The nation is one step closer to getting a full complement of commissioners on the Federal Energy Regulatory Commission (FERC), which regulates America’s transmission grid, wholesale sales of electricity, and gas pipeline infrastructure.
The Senate Energy and Natural Resources Committee voted today to approve the president’s nominations of Acting Chair Cheryl LaFleur and current FERC Director of Enforcement Norman Bay to five-year terms, but with a twist – the White House apparently has agreed to defer designating Bay as chair for nine months. These nominations now move to the full Senate.
(Images courtesy of FERC)
LaFleur joined the Commission in 2010, and we know her well. She is a master of electricity policy issues, and she supports the removal of unfair barriers to integrating wind and solar and energy efficiency into grid operations and markets. While we know less about Bay’s policy priorities beyond his strong enforcement background (he was U.S. Attorney in New Mexico, among other positions), we do know that he is a rock of integrity with a strong public interest bent and effective leadership qualities. (Also, you can read LaFleur’s and Bay’s recent responses to the Senate committee’s questions on some energy policy issues.)
Rise of Partisanship
Senate action to approve Bay has been many months in coming, and too long for FERC to be without a complete complement of commissioners. You may recall the history: Chairman Jon Wellinghoff announced his resignation in May 2013, effective November 2013. President Obama nominated Ron Binz, a distinguished former Colorado public utility commissioner, to take Wellinghoff’s place as commissioner. Obama also indicated his intention to name Binz to be FERC chairman, which is the president’s prerogative under the Federal Power Act. But, after a painful summer of sharp partisan attacks and much fact-twisting, Binz’s nomination went down in flames.
This past January, the president tried again, nominating Bay to fill Wellinghoff’s seat and indicating his intention to name Bay as chairman. (It’s widely understood that both Bay and Binz were Senate Majority Leader Harry Reid’s choices for a “western” seat on FERC and for the chairmanship.) Bay seemed like a solid and non-controversial choice, although unlike most recent FERC commissioner appointees he doesn’t have state utility commission experience. Still, with the white-hot partisan atmosphere in Washington, his nomination couldn’t escape controversy. In the “truth is stranger than fiction” category, a Pennsylvania hedge fund loudly opposed Bay’s nomination, and opposition to him gathered some steam after his Senate nomination hearing in mid-May.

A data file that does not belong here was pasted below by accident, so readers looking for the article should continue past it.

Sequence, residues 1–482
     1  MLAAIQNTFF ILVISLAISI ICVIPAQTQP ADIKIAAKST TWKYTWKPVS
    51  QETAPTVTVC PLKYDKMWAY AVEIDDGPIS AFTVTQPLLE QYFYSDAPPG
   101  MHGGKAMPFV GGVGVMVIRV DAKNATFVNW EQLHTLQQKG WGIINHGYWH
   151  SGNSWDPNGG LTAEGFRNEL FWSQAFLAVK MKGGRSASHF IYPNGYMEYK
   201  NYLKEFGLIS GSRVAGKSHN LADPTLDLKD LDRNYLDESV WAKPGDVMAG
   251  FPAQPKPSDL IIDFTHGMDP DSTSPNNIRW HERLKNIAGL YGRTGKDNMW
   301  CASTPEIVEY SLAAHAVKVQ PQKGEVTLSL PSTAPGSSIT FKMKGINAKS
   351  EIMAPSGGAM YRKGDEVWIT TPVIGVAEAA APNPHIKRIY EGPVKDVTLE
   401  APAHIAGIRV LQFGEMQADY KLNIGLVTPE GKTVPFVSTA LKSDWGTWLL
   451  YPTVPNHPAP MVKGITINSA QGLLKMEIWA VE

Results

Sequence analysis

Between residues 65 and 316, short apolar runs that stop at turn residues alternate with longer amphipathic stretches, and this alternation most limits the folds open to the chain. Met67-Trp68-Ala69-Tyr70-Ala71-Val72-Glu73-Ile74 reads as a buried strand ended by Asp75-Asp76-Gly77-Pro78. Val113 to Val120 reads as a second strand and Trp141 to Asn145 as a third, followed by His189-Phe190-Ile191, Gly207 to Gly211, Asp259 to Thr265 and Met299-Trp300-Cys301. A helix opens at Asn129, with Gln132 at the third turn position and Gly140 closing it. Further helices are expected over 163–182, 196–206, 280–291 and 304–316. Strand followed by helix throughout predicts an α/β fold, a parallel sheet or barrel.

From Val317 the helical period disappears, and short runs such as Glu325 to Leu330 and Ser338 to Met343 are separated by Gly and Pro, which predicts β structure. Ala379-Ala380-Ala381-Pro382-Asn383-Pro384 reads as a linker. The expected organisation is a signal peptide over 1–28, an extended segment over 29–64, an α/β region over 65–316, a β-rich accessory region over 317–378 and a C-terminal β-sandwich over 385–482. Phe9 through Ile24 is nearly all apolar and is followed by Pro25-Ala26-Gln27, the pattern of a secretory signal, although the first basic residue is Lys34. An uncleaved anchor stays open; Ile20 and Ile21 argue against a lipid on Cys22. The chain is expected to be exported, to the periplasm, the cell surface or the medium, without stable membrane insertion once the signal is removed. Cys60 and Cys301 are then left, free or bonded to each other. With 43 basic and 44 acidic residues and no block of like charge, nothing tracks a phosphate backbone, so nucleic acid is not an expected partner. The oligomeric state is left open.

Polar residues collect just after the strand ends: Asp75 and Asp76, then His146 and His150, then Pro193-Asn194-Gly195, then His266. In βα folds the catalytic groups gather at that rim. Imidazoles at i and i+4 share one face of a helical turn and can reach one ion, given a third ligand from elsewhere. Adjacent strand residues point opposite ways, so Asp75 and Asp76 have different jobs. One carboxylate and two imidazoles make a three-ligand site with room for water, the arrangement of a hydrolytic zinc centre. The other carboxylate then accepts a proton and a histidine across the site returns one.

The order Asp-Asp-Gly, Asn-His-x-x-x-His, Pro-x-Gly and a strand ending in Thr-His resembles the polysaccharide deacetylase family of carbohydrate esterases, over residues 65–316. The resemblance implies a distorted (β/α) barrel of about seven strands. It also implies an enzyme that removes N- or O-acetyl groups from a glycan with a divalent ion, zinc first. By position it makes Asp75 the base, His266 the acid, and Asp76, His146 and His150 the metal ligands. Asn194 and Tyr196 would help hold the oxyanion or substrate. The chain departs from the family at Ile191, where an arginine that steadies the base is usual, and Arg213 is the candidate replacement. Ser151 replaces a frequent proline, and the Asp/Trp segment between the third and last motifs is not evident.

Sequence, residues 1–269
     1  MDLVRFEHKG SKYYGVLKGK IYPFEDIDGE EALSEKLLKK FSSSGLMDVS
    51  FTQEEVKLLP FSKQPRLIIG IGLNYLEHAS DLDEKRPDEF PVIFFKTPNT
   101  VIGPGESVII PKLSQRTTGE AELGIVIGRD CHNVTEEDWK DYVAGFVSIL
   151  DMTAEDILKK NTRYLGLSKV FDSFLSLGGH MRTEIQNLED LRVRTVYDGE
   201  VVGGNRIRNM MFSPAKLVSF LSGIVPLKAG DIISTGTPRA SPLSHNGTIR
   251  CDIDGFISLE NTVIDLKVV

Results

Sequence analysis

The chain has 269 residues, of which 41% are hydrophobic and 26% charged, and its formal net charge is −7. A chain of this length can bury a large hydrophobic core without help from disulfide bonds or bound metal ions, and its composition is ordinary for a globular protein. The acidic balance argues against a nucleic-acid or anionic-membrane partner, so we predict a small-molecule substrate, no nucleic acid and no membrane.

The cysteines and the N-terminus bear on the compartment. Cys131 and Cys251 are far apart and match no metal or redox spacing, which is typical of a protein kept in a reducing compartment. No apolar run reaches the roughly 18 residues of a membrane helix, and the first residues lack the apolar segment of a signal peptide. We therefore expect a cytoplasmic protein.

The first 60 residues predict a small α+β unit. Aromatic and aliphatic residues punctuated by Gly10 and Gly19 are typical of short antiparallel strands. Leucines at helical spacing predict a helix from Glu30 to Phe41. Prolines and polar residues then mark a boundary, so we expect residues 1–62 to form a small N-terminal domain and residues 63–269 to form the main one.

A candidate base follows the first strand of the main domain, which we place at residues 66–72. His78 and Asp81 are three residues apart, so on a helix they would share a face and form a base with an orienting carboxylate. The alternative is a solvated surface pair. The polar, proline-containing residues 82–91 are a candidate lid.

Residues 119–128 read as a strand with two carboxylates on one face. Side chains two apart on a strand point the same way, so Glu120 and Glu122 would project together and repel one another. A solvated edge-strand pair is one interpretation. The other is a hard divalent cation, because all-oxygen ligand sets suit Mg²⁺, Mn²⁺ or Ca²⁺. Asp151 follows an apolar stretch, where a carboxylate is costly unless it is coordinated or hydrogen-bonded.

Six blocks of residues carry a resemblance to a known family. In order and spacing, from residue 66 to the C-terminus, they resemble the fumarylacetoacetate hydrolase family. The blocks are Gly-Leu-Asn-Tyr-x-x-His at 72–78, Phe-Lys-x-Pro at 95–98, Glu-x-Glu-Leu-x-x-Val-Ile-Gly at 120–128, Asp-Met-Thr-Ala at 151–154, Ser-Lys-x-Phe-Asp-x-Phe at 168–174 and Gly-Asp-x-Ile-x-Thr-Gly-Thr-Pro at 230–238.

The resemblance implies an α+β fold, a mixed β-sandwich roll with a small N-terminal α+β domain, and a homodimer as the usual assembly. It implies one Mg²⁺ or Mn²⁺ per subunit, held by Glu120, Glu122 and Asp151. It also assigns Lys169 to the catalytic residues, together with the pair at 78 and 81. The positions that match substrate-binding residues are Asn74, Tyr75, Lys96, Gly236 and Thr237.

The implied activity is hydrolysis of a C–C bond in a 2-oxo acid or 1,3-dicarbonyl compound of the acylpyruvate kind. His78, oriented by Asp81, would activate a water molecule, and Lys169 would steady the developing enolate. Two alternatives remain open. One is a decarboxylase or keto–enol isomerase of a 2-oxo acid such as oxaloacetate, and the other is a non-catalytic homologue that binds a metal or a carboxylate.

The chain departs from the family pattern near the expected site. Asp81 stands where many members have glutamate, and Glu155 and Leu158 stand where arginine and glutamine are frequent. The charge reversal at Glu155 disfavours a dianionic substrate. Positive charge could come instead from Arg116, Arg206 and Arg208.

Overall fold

Two Yes Votes and a Deal
The partisanship and dealmaking continued through today’s Senate Environment and Natural Resources Committee vote on the two nominations. Some of those opposed to Bay threatened to block his nomination unless the president kept LaFleur as chair. The Committee ultimately voted to approve Bay in a mostly party line 13-9 vote. It did so with the apparent White House commitment that LaFleur will remain acting chair for another nine months, after which Bay will take the reins as the Commission’s leader. LaFleur’s nomination easily passed the Committee 21-1, with only Vermont’s Bernie Sanders voting no.
Lots of Work Ahead
With the Senate committee vote out of the way, we hope the Senate will move quickly ahead with full approval of the nominations. A lot is on the Commission’s plate – electric grid reliability, long-term power market (“capacity market”) reforms, transmission investment incentives, and the Order 1000 inter-regional compliance filings, just to name a few. Another top priority will be working with EPA as it crafts a final rule for its seminal Clean Power Plan for existing coal and gas-fired power plants this year. Finally, in the wake of the May 23 federal court decision invalidating FERC’s compensation formula for demand response (Order 745), FERC is going to have to start unwinding some of its demand response electricity market rules. (FERC recently announced that it’s going to appeal the court’s decision).
FERC will be able to tackle all of these challenges much more smoothly if the Senate expedites approval of these nominations and we return to a full complement of five commissioners and a chair able to establish clear policy direction.